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Farm Size and Productivity Revisited: Some Notes from Recent Experience of Punjab
G K Chadha
Economic and Political Weekly
Vol. 13, No. 39 (September 30, 1978), pp. A87-A96
Published by: Economic and Political Weekly
Stable URL: http://www.jstor.org/stable/41497101
Page Count: 10
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On the basis primarily of farm management data a number of economists have come to conclusions about the relationship between farm size and productivity. While a majority of them have seen an inverse relationship? between the two and offered a variety of explanations for this, a few have felt that this generalisation cannot hold for all-India. The Green Revolution in the late sixties, by increasing the component of capital inputs, may have made a difference to the earlier conclusions. This paper, therefore, looks into the changing structure of capital and its effect on resource productivity. Punjab is chosen to study these effects, because it has a predominantly owner-cultivated agrarian structure and also has data from the earlier farm level studies. The analysis suggests that factors which drive small fanners towards more intensive cultivation, if combined with wherewithal that further permit them to do so, can help small farmers compete with large farmers in all aspects of production technology — except in investment on size-biased machinery and implements for which farm-size alone is the constraint. Clearly, the long-abandoned co-operative network is best suited to make up for the input deficiencies and give small farmers the competitive base they need in Indian agriculture.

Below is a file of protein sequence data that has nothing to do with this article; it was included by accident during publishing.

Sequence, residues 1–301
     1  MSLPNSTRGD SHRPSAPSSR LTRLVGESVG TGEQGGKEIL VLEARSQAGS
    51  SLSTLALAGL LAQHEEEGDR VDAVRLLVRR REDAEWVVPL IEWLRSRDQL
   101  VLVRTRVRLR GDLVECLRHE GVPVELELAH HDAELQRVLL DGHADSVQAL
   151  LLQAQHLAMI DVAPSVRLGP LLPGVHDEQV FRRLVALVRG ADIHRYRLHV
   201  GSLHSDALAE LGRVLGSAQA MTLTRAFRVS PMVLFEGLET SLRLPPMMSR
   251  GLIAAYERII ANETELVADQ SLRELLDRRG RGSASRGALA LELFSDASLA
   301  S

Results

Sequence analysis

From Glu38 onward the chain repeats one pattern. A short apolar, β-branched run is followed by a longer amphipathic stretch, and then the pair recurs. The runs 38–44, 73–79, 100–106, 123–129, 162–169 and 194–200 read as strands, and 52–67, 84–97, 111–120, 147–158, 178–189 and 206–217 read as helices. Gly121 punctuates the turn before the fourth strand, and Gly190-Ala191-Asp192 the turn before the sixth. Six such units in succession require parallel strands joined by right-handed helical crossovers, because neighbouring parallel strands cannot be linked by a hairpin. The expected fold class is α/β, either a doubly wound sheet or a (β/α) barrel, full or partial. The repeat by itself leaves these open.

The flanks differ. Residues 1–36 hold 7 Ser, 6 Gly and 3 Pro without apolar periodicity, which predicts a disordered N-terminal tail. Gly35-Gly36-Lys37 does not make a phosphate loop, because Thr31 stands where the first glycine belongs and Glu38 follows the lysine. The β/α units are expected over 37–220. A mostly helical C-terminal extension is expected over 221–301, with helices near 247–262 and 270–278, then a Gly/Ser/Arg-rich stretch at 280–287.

Economic and Political Weekly © 1978 Economic and Political Weekly